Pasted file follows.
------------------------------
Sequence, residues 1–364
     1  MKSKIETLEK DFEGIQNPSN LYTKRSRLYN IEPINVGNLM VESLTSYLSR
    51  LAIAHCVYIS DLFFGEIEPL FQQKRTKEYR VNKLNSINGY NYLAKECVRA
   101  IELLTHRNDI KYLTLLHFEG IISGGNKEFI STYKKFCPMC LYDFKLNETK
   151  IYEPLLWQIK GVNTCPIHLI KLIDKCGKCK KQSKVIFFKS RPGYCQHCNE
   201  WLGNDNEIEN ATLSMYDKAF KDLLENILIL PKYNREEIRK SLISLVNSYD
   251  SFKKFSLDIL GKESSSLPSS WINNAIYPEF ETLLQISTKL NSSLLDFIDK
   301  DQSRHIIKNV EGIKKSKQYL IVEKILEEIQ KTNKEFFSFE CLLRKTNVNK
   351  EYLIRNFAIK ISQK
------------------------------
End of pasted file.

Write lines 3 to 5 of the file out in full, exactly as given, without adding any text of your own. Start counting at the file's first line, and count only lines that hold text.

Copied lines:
    51  LAIAHCVYIS DLFFGEIEPL FQQKRTKEYR VNKLNSINGY NYLAKECVRA
   101  IELLTHRNDI KYLTLLHFEG IISGGNKEFI STYKKFCPMC LYDFKLNETK
   151  IYEPLLWQIK GVNTCPIHLI KLIDKCGKCK KQSKVIFFKS RPGYCQHCNE